The new brand has been created to “unlock the learning potential of all BBC content” and will include interactive guides, curated by experts such as BBC presenters Dan Snow, Kate Adey, Ian McMillan and Neil Oliver.
“iWonder is about keeping the UK curious. If curiosity is the magic ingredient that makes audiences want to learn, then our iWonder guides are for curious minds,” explained Saul Nassé, controller of BBC Learning.
“Whether a point in a historical drama inspires you to want to understand more about those times or an awe-inspiring moment from a natural history programme causes you to question how such footage can be captured, iWonder interactive guides are visually exciting experiences that invite you to take that next step and find out more.”
Initially 8 interactive guides are being launched, with a further 17 to be released by the end of the month. They’ll include original video and audio content and have been designed to work across mobile and desktop devices.
“I’m fascinated by the tales of trench warfare. We hear a lot about how soldiers died, so I wanted my iWonder guide to take an in-depth look at how soldiers survived the trenches. The new format gives me the opportunity to present a view on this subject in an engaging and innovative way,” stated Dan Snow, historian and presenter.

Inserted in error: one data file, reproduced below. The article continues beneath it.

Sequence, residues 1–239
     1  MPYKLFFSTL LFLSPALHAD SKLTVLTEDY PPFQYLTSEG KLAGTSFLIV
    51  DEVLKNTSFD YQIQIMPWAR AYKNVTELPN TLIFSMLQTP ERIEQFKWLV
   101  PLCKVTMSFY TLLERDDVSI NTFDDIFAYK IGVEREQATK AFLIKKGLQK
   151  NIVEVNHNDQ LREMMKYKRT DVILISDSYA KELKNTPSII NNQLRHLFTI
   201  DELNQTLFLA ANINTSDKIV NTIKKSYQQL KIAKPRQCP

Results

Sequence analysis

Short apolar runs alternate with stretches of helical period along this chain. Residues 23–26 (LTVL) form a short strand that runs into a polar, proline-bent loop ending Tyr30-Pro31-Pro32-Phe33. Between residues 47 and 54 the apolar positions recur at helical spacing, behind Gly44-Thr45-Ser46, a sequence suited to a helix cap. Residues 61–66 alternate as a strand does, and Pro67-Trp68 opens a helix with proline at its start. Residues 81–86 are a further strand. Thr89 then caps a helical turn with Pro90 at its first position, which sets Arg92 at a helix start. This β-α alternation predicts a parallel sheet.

Further guides will include material about natural history, arts, religion and ethics.
“Digital plays a central role in the BBC’s World War One season coverage and we’re really excited to bring audiences a range of compelling perspectives of the war. The guides span life in the trenches to poetry and propaganda and we hope each one will educate and inform the curious novice as well as the history buff,” added Tim Plyming, executive producer for BBC Knowledge & Learning.
The BBC World War One season is its biggest season ever, with more than 130 new commissions and over 2500 hours of programme across 4 years.